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total quality management - January 27th, 2009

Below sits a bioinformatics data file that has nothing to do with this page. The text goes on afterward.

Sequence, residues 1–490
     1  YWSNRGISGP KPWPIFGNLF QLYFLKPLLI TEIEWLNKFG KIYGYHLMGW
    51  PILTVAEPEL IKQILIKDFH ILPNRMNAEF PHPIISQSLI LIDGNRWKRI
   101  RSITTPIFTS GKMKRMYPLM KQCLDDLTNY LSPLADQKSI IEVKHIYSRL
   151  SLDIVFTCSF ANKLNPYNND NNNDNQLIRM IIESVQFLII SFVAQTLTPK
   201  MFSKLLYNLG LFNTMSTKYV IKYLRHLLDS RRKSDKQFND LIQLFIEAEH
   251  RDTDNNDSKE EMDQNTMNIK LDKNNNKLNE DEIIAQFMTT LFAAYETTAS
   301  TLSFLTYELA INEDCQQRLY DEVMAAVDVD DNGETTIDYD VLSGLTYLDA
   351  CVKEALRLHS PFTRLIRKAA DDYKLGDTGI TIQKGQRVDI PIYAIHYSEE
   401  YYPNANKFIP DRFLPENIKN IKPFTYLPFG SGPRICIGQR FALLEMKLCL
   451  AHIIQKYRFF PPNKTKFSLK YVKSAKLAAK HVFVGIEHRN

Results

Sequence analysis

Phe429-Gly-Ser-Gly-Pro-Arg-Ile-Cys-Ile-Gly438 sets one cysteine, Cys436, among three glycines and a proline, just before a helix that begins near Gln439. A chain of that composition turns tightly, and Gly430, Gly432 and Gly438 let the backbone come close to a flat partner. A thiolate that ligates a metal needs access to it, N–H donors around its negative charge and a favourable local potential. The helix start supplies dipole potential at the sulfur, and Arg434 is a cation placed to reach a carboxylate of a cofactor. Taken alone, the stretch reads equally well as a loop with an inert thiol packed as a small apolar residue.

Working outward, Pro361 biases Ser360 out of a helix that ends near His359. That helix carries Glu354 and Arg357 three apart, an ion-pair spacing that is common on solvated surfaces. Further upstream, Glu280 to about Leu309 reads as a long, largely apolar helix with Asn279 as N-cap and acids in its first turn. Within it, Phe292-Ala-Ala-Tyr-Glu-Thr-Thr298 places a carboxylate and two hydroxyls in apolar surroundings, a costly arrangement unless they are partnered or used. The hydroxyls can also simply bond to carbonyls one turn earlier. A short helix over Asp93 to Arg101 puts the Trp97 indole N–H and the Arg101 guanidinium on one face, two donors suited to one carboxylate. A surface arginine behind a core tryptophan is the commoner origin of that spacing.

Total Quality Management